Education on the Agenda of Bolivian Indigenous Peoples Movement
“We Want Public Education” has been a decades-long call among the Bolivian indigenous peoples’ public demands. It represents thousands of voices, thousands of women and men looking for the right to have access to school. We had to organize our communities to request schools and teachers from the national governments. For endless years the indigenous leaders traveled to the cities asking for one teacher or a new school, over and over again. We had to bring gifts to the authorities in order to gain one teacher for our communities. Sometimes our needs for education became good business for bad authorities. But today, our past requests are legal rights. This article tells about the indigenous movement that achieved intercultural bilingual education for everybody in the country.
We Want Public Education!
The following story illustrates the challenges that confronted our quest for education. Alberta Quispe (my mother) was an indigenous woman, Aymara and Bolivian, who was born before 1952. At that time indigenous people did not have any right to an education or to citizenship. Indigenous men and women were predestined to be workers, employees, and servants. They were considered incapable of abstract thought, or understanding civilization and modernity. Alberta dreamed of going to school all her life to learn to read and write. But she was excluded from receiving an education by an institutionalized and racist national political system. However, the girl had a thirst for knowledge that went beyond the limitations of history, and she learned from the knowledge of Andean Aymara women. In the cities, Alberta saw the causes of the indigenous women’s situation and subjugation as they remained poor and illiterate. This led Alberta to become involved in social movements and in the struggles for education.
In the 1980s, Bolivia’s government issued Decree 21060, which threatened to privatize education, and this in turn stimulated social movement to defend public education. At that time, Alberta was living in El Alto city, a municipality that connects La Paz with the altiplano. She had been diagnosed with cancer, but all her thoughts were concentrated on finding a good education for her children and grandchildren; she understood the importance of education for all indigenous people, for indigenous women, and for the entire Bolivian society. The following is an excerpt from the narrative of Alberta’s last experience organizing for education:
Yesterday we had a meeting at the neighborhood council. We were informed by the federation (FEJUVE) about the Decree. We were told we should defend public education by marching. Nobody wanted to move, then I decided to speak and I said: I am an old woman. I am sick and tired but I will take to the streets with the leaders to defend the education of our wawas (children). Where are the men? Will you go with us or not? Then, one by one they began to join the march until finally everybody decided to go. After finishing the meeting we all went to the streets. On the way we met people from other areas and neighborhoods. I did not have time to change into my city clothes and I thought: What will my friends think if they see me looking like a country bumpkin? But we had to keep walking. Reaching the city, our social movement caused chaos, the cars could not move and people began to be angry and upset. Then I heard two chotas (city women) say: these ignorant Indians bother us! I turned my head to the crowd and shouted aloud: Yes, we are ignorant Indians! So, what do we want?! And they all shouted: Public Education! (La Paz, Alberta Quispe, 1986)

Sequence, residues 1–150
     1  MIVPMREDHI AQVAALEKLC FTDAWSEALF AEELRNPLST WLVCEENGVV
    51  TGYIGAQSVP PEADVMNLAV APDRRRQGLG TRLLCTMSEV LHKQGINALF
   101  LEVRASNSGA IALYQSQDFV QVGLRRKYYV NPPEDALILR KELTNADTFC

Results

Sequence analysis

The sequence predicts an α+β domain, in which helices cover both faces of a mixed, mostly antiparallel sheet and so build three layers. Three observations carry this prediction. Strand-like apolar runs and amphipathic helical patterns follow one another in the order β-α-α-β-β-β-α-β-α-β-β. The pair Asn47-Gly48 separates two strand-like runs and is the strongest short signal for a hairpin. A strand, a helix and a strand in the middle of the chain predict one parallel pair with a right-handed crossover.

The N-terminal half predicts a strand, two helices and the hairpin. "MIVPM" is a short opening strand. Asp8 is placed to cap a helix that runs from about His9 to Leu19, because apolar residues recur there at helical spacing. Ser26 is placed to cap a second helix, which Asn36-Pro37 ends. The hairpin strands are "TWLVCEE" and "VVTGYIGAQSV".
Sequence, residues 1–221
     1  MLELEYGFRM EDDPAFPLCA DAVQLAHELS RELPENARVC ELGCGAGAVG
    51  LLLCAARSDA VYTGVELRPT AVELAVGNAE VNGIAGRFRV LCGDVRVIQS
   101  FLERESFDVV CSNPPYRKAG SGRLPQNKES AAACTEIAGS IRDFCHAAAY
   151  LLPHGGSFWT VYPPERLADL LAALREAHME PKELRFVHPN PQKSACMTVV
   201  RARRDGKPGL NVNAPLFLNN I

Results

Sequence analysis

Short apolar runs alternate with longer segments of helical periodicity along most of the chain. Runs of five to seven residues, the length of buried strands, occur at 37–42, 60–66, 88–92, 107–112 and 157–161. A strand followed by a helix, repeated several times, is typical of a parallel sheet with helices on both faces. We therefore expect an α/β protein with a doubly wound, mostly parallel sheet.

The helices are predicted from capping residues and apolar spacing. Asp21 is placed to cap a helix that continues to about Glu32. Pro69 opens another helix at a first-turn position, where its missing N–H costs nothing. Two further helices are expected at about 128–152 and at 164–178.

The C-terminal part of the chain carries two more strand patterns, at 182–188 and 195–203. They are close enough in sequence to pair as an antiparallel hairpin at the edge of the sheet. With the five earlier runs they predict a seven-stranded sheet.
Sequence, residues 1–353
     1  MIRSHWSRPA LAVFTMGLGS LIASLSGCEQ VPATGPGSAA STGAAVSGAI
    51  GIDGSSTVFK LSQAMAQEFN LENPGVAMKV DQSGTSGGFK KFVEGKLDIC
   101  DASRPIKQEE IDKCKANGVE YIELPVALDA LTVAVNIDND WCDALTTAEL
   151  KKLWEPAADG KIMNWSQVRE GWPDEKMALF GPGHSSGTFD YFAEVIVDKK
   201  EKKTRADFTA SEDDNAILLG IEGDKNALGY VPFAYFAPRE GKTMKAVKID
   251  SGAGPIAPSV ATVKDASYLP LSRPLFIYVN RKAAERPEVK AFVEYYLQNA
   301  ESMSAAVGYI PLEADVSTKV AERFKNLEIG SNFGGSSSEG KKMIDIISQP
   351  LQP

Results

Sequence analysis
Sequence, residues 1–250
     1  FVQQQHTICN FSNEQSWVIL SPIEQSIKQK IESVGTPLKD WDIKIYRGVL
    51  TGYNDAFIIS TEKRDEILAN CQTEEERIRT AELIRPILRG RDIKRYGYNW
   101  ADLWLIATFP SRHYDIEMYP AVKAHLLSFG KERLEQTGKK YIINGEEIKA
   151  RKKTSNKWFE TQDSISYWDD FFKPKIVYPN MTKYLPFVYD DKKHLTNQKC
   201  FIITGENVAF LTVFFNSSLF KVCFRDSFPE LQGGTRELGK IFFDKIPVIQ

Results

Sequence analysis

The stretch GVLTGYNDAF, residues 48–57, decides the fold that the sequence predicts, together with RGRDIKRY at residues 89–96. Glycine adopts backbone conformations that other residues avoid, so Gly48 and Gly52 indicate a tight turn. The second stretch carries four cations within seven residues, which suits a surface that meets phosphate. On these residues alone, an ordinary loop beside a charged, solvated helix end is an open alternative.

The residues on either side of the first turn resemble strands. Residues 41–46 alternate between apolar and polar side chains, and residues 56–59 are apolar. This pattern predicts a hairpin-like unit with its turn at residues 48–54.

Yes, education had been on the agenda of indigenous peoples for hundreds of years. Education was seen as a right and an opportunity to become citizens. Indigenous women felt the effects most. According to National Statistical Institute (INE, 2001), in Bolivia the female illiteracy rate is 19.35 percent while the male is 6.94 percent. In the rural areas female illiteracy is 37.91 percent, male is 14.42 percent. In the last five years literacy campaigns have lowered female illiteracy rates.
Public Policies for Indigenous Education
Since the National Revolution (1952) indigenous peoples in Bolivia have had the right to education. Education was considered the main instrument for consolidating the country. However, it was also used to assimilate the population. Local languages were to be used only for the purpose of teaching the dominant language, Spanish. This educational goal was reinforced in the Educational Code of 1955.
Article 115 - The literacy action will predominate in areas where indigenous languages, using the native language as a vehicle for learning immediately from Castilian, as a necessary factor of national linguistic integration. To this effect will be adopted phonetic alphabets that save the greatest possible similarity with the Castilian language alphabet (emphasis added). Article 120 - The fundamental objectives of rural education are:
1. Develop good habits in the farmers’ life, with regard to their eating habits, hygiene and health, shelter, clothing and personal and social behavior.
2. Promote functional literacy training through the use and mastery of the basic tools of learning: reading, writing and arithmetic.
3. Teach farmers to be good agricultural workers, trained in the use of renewable systems of crops and animal farming.
4. Encourage and develop their technical vocational skills by teaching the basics of rural industries and handicrafts in their region, enabling the earning of a living through productive manual labour.
5. Cultivate love of the traditions, folklore and national popular applied art by developing their aesthetic sense. Prevent and eradicate the practices of alcoholism, the use of coca, superstitions and prejudices prevailing in agriculture, through science education.
6. Develop the farmers’ civic awareness so they can participate actively in the process of economic and cultural development of the nation. (National Educational Code 1955)
The National Educational Code of 1955 was designed to assimilate indigenous people into the Bolivian mainstream to benefit the dominant class.
The indigenous people in Bolivia developed diverse strategies to resist and persist. After 1955 many indigenous started to go to school, some to the Superior Normal Institutes (teachers) and a few to the public universities. Even though the indigenous professionals were taught from the assimilation perspective, they used their knowledge to help the indigenous movement. The first Aymara students were present at the emblematic indigenous meeting in the Andes and help to write a most important document during the military dictatorship in the 1970’s, as follows: